York's November 28 rundown: corner.nationalreview.com

[This item, by Tim Graham, was posted Friday on the MRC's blog, NewsBusters.org: newsbusters.org ]

In fact, the Big Three networks have barely mentioned or quoted Nancy Pelosi at all since Jack Murtha was defeated in the majority leader's race on November 16. It's odd for the networks to skip the Hastings fight, since Pelosi made "draining the swamp" of Republican corruption such a big campaign issue (and the exit polls suggested this as well.)

In the roundtable discussion on the November 26 This Week, Stephanopoulos said Pelosi was under "tremendous pressure" to name Hastings, although he said Hastings realized his chances weren't good. Washington Post columnist E.J. Dionne said "the politics are totally against her. This is a mess for her." Democratic consultant Donna Brazile said it was a "tough decision," but later praised Hastings as a "good and decent man" who has "acted in good faith" in seeking the job.

On the November 19 This Week, Stephanopoulos pressed incoming Majority Leader Steny Hoyer, and Hoyer would only say of Hastings, "Those who have served with him think he's a very able, credible candidate." He would not give a definitive answer when Stephanopoulos asked if the impeachment was disqualifying.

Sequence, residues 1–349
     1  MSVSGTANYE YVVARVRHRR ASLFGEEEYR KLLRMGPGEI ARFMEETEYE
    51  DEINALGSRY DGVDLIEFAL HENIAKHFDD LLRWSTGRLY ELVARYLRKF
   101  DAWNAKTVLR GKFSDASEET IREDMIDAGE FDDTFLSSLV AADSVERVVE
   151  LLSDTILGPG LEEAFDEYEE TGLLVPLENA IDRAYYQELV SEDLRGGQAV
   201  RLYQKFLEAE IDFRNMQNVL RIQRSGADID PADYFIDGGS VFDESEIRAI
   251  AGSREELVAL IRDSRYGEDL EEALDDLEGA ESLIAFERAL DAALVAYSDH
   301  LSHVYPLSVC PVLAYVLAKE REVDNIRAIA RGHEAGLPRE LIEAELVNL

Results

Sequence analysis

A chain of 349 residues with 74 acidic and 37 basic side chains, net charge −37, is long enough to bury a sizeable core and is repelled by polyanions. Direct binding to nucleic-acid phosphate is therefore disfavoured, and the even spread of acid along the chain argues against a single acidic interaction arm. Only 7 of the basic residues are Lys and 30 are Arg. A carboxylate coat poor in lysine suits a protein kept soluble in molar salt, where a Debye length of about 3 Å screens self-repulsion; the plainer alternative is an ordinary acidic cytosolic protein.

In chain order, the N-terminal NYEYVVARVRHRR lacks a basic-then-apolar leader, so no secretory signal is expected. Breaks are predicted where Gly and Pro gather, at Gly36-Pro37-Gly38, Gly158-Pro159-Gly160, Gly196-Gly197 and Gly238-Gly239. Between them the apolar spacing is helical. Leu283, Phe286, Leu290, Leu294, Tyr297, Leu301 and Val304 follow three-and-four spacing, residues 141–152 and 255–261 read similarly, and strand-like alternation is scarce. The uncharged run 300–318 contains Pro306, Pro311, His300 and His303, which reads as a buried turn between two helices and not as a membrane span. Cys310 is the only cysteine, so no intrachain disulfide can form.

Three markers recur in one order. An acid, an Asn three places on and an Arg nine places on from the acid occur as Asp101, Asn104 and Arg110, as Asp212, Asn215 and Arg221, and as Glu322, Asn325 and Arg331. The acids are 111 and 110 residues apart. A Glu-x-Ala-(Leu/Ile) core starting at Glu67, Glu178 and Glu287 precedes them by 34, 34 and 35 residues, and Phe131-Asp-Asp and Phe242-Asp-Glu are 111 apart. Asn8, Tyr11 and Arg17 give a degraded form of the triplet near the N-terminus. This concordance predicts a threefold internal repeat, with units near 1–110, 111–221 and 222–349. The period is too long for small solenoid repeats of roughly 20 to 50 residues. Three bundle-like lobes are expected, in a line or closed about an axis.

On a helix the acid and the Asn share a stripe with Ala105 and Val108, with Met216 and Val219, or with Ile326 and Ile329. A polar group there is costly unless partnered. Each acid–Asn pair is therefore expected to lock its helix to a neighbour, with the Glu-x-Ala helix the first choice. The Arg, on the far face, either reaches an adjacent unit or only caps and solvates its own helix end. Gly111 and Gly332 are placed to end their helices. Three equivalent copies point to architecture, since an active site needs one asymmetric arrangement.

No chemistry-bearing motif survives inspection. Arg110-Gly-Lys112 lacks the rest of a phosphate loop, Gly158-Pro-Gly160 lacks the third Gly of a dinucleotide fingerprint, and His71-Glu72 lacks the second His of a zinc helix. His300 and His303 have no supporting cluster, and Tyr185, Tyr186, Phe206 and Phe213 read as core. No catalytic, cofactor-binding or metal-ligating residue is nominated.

The NBC-syndicated Chris Matthews Show included another description of a big battle when from NBC reporter Andrea Mitchell on November 12:
Mitchell: "There is a ferocious fight going on already in the House side. Speaker Pelosi, Speaker-designate Pelosi, is not going to yield on Jane Harman on the Intelligence Committee, and a little-known decision known by Rahm Emanuel not to challenge an African-American Congressman for the whip post means that the Congressional black leadership will feel that they already have been mollified. This will take Alcee Hastings, an African-American, off the waiting list for Intelligence....and they're going to go to an Hispanic for Intelligence."
Chris Matthews: "Yeah. Well, Why is Pelosi so tough on Harman?"
Mitchell: "Feels she hasn't been tough enough on the Bush administration on intelligence issues, that she was too moderate, too centrist, even though she is the most credible Democrat on all of these issues and has a national following. And it is a really nasty fight among two powerful congresswomen."